I am delighted to share with you my friend Monica Clark’s tribute to a teacher who made a lasting impression.
The third-graders were ready for their last rehearsal. The girls dressed in white linen costumes lined up along the windows. Gold and silver halos danced and dipped, and stiff, silver angel wings stood at attention. The boys in their shepherd’s robes milled around like the imaginary sheep they were supposed to guard. Flush faces, sparkling eyes, and nervous smiles greeted me. It was too much. I excused myself and fled, weeping, to the supply room.
No, it wasn’t the Christmas pageant that upset me. It was the news that Roger Brenneman had passed away.
“It’s okay,” I thought. He lived a good life, a full life, a life filled with love and hope and faith. I was fine, until I looked into those shining faces and realized those children would never know Mr. Brenneman.
To understand, you have to go back to 1975 and a scrawny eleven year old who hated school. Four schools in three years had changed me. My main interest in school was skipping it. That worked fine in fifth grade where I once skipped 9 days in a row, but about the third time I pulled the old, “Missed the bus,” routine, Mr. Brenneman sat me down and demanded an explanation.
I couldn’t tell him how dumb I felt, how lost I was, so I sat in shameful silence. Then, he began to speak, and I soon realized he understood. He told me he wanted me in his classroom. I needed to be there to learn everything he had to teach. I was stunned to realize that he actually cared. I never skipped another day, and with his help, I caught up.
Mr. Brenneman wove life lessons through all our activities. We visited two local supermarkets, priced items, compared the differences, and determined the best place to shop. It sure didn’t feel like math, but it was.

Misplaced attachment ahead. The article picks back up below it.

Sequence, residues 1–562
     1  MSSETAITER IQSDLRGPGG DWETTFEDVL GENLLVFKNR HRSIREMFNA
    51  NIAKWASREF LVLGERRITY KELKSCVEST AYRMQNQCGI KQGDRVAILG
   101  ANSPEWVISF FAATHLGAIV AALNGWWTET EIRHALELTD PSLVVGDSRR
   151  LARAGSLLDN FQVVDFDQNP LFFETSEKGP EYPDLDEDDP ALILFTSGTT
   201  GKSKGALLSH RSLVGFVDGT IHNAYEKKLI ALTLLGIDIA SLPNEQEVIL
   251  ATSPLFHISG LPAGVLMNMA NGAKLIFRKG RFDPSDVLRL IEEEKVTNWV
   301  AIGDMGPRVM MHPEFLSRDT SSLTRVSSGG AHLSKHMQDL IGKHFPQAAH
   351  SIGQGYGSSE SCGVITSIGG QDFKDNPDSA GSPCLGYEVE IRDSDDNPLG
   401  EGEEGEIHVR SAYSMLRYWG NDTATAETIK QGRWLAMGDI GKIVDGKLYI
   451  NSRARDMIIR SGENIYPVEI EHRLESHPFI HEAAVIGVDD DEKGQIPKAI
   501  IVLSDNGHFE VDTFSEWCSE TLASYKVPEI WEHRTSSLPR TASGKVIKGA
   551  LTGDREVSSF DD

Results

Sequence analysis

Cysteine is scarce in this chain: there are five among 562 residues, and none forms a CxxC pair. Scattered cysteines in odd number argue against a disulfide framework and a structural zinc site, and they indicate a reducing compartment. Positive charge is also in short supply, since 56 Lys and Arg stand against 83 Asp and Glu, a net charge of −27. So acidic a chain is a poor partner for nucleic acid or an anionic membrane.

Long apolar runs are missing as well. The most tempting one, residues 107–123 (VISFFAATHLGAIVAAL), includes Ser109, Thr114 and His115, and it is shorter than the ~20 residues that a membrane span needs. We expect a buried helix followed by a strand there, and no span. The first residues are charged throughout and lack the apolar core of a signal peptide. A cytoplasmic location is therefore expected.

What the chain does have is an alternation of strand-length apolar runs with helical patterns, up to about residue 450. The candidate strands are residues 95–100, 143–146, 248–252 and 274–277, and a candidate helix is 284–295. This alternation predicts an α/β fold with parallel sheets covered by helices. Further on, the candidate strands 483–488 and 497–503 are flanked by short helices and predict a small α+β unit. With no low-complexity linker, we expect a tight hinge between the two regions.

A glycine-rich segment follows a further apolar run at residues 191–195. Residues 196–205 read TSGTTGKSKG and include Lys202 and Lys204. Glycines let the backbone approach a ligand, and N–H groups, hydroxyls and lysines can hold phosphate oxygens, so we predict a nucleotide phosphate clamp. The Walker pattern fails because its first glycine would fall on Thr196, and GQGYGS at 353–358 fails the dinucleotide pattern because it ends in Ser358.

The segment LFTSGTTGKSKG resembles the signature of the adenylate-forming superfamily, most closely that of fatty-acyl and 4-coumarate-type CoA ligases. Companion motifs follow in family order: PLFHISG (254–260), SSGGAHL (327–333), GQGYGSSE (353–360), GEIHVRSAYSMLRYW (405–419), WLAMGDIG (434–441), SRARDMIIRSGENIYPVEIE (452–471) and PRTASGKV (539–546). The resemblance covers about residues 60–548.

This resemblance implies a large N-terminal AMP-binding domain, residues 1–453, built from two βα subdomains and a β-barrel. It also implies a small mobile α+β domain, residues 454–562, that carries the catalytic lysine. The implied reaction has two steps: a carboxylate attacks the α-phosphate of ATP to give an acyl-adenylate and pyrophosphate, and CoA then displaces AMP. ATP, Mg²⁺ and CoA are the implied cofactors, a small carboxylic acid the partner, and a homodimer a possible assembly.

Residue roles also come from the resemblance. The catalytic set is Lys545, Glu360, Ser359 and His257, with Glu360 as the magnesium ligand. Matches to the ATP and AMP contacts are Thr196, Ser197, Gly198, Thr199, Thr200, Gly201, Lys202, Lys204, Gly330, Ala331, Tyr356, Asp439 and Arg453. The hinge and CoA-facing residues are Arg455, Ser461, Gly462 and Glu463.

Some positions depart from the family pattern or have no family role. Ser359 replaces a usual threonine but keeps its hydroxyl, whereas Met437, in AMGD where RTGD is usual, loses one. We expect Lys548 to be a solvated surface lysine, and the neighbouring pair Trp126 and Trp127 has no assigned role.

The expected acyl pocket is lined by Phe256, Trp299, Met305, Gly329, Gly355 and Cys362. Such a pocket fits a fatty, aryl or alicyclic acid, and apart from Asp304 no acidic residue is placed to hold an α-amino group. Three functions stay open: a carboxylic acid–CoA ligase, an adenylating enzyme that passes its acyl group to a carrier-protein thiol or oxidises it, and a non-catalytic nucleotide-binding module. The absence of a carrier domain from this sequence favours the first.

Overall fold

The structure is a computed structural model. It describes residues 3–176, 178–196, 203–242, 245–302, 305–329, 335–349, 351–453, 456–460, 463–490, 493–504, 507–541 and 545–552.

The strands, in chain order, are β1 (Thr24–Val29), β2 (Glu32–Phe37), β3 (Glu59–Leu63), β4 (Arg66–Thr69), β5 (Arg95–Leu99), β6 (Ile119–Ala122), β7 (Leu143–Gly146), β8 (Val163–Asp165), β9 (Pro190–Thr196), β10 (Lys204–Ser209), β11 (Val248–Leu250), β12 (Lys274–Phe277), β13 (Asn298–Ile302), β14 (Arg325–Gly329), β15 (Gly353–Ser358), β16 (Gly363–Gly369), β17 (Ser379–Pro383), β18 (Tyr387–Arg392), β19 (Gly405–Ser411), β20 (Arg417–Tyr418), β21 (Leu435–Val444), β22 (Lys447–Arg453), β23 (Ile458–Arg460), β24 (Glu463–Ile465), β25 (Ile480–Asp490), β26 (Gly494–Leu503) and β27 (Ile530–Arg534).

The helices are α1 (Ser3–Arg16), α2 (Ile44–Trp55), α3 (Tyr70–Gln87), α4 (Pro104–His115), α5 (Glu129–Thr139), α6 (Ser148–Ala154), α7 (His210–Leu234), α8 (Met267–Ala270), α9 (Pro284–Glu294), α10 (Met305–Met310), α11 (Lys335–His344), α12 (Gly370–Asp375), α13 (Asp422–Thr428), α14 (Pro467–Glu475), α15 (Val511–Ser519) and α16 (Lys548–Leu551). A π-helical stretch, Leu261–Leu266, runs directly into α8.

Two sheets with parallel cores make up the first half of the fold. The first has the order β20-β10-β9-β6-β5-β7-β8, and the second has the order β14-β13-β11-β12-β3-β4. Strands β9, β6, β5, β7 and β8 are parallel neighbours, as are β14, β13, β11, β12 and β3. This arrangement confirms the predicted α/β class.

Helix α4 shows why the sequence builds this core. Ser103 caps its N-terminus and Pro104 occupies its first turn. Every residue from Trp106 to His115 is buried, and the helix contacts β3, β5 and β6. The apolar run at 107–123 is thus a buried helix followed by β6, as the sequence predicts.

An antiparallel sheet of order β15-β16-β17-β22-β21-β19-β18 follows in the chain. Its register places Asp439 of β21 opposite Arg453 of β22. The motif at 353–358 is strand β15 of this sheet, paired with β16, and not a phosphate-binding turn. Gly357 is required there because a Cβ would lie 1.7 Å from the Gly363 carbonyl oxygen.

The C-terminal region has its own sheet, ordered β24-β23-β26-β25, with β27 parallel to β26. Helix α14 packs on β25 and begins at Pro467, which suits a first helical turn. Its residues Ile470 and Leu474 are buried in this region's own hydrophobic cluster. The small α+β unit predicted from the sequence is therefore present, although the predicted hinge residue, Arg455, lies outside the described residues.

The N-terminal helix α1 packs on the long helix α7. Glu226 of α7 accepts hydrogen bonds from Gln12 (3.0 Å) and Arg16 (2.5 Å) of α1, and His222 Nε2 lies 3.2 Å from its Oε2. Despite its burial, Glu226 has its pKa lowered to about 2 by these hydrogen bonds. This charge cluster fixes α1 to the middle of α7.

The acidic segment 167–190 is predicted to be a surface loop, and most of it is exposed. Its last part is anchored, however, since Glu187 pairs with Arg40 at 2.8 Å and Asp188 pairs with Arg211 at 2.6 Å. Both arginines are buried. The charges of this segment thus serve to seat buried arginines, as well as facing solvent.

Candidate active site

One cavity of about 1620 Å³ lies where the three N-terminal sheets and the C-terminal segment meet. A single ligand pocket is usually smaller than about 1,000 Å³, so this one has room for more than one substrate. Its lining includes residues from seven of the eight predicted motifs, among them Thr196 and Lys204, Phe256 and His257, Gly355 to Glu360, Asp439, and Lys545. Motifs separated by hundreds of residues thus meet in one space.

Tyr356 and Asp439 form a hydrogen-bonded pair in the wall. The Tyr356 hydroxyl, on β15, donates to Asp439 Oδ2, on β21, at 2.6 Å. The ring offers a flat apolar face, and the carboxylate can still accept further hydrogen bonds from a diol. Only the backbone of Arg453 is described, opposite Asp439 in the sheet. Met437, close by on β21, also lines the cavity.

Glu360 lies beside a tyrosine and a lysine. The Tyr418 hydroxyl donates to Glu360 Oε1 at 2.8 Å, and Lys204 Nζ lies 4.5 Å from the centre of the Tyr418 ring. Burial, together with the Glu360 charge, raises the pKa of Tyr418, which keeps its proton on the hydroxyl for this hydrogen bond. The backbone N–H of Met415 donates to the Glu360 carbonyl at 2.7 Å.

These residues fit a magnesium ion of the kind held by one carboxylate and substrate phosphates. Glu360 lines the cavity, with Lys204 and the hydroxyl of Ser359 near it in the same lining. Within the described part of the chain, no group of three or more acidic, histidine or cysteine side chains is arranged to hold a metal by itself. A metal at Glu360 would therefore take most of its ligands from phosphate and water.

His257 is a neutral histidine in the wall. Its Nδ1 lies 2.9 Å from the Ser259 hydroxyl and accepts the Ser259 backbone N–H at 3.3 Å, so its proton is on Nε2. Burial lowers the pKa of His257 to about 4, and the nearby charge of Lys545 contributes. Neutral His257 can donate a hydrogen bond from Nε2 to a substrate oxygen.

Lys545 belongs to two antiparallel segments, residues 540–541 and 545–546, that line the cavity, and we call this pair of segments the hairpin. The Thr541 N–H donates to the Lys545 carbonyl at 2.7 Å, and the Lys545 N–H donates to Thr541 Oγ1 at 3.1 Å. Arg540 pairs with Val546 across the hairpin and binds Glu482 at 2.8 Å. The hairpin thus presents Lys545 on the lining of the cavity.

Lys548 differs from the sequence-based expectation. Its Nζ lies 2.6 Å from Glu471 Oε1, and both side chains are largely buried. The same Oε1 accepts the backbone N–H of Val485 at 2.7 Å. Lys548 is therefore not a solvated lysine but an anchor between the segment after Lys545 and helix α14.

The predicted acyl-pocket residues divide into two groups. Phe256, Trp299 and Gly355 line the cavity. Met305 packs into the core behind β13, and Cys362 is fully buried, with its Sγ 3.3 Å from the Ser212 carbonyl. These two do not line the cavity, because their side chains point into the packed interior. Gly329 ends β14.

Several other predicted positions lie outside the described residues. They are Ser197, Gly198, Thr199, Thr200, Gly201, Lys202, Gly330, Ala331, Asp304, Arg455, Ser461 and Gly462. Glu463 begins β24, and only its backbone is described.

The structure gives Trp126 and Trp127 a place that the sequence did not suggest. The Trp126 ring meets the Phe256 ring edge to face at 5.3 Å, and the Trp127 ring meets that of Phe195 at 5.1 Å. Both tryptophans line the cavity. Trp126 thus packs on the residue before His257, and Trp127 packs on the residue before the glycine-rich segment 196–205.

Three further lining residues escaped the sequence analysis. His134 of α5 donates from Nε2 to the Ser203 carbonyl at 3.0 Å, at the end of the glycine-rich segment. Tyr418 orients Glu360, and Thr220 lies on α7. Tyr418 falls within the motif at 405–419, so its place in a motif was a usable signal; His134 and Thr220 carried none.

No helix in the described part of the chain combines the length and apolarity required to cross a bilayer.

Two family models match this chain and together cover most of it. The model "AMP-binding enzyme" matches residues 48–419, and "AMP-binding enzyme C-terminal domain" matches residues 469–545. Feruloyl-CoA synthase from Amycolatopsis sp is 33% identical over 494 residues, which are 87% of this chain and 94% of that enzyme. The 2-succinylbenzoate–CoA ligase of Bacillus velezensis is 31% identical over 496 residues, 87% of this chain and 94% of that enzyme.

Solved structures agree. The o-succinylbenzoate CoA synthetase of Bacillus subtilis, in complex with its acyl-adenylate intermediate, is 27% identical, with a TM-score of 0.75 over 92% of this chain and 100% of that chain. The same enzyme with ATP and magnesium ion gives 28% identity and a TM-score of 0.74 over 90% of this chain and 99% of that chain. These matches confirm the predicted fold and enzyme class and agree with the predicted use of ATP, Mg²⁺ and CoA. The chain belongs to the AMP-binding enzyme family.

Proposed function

We ran a bake sale and tallied up our money. We cooked applesauce in a giant kettle behind the bus garage to sell as a fund-raiser. We bought fabric, measured it out in blocks, embroidered—yes, even the boys—and stitched together a quilt. That summer, Mr. Brenneman took a group of students to Washington, D.C., and presented our quilt to Senator Birch Bayh. Pretty heady stuff for a Shipshewana kid.
We read great stories, memorized long poems, and wrote our own books. Soon, it was Christmas time, and one day we found jars of tempura paint and a stack of paint brushes in the room. Mr. Brenneman let us paint great murals on the large windows along the east wall. A huge Christmas tree, a giant candle surrounded by holly, and a manger with baby Jesus proved we were artists.
The morning sun streamed through the cobalt blues, blazing reds, the jaunty yellows, greens and browns, transforming mere paint into something magical. Our room became a wondrous cathedral with glowing stained-glass windows.
Even today, Mr. Brenneman’s lessons still resonate. He taught me I could do anything, be anything, and that it was safe to dream. Through his tutelage I have traveled the world, written and published stories and poems, and most importantly, worked with kids—kids just like me–who struggled in school, hoping in some small way to pay forward the gifts I received from a great man.
I composed myself and returned to the Christmas pageant, but made a note to stop on the way home and buy some paint for the windows.
Written by Monica Clark
Has someone touched your life in a way that made you a better person or left a lasting impression? Join us here to honor the “Saints Among Us”. You are welcomed to post here or on your own blog and link up to us here.